I almost made it all the way through President’s Day without a tribute to one of the most under-appreciated men of all time: Rutherford B. Hayes. I know what you’re thinking: “Isn’t he the guy who..?”
No. No he isn’t. Hayes, our 19th president, did absolutely nothing after ascending to the highest rank in America following the closest election in our history.
When the first returns seemed to confirm [that he had lost], Hayes went to bed, believing he had lost. But in New York, Republican National Chairman Zachariah Chandler, aware of a loophole, wired leaders to stand firm: “Hayes has 185 votes and is elected.” The popular vote apparently was 4,300,000 for Tilden to 4,036,000 for Hayes. Hayes’s election depended upon contested electoral votes in Louisiana, South Carolina, and Florida. If all the disputed electoral votes went to Hayes, he would win; a single one would elect Tilden.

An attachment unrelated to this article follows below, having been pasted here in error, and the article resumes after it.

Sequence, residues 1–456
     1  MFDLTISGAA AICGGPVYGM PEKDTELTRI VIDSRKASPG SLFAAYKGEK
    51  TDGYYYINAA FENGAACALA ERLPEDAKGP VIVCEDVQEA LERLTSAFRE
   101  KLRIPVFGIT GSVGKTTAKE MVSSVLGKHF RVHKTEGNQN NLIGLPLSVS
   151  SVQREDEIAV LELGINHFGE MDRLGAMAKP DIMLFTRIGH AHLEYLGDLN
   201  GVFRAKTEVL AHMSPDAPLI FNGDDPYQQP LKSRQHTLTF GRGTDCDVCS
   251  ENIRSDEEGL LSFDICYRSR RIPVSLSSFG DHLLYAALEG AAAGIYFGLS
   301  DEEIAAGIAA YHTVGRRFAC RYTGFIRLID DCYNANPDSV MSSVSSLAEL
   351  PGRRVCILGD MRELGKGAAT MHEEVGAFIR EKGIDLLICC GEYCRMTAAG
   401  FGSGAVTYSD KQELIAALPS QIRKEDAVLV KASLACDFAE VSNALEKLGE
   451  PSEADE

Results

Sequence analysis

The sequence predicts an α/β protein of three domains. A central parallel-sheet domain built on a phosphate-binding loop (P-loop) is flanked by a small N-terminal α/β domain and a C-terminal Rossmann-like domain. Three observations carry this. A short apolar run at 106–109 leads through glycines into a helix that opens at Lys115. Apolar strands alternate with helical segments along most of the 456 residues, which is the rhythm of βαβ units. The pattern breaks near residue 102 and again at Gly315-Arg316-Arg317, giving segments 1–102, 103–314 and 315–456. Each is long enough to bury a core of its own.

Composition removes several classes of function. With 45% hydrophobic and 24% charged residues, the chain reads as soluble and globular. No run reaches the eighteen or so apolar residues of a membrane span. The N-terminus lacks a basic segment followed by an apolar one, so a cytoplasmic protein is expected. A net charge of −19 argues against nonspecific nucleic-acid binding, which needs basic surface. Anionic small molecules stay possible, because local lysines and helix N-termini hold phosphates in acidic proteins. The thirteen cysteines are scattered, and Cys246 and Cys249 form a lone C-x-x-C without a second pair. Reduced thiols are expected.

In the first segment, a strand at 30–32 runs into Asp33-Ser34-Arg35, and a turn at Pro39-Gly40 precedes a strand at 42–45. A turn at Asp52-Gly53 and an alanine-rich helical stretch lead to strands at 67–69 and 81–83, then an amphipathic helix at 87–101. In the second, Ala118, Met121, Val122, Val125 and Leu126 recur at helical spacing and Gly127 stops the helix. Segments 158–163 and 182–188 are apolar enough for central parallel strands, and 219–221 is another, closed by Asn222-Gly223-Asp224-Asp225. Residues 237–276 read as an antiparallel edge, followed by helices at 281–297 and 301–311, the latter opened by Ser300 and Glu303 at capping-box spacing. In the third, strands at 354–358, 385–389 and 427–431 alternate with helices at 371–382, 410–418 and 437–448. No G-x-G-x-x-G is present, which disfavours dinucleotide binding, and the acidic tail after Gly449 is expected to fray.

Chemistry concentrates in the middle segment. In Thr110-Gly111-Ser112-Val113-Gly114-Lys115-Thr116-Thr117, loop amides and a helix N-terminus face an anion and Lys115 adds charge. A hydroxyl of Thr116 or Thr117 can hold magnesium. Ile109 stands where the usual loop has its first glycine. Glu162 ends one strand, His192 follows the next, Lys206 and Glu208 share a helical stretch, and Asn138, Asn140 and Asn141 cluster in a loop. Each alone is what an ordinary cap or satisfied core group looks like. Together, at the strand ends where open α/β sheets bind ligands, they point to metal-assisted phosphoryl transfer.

Months of uncertainty followed. In January 1877 Congress established an Electoral Commission to decide the dispute. The commission, made up of eight Republicans and seven Democrats, determined all the contests in favor of Hayes by eight to seven. The final electoral vote: 185 to 184. (whitehouse.gov)
Fascinating. What happened next was even more exciting. His wife got rid of the booze in the White House. He appointed reputable people to positions in his cabinet, rather than merely friends. Before becoming president, Hayes had announced he would serve only one term, and he followed up on it. Twelve years out of office, he died.
Many see Hayes as a forgettable figure, but I think we can all learn from his example: take life as it comes, and never try to do too much. Coast through whatever situations arise, and make sure no one has anything negative to say about you once you’re gone. To play it safe, just make sure no one has anything to say about you at all.
And the “B” stands for Birchard.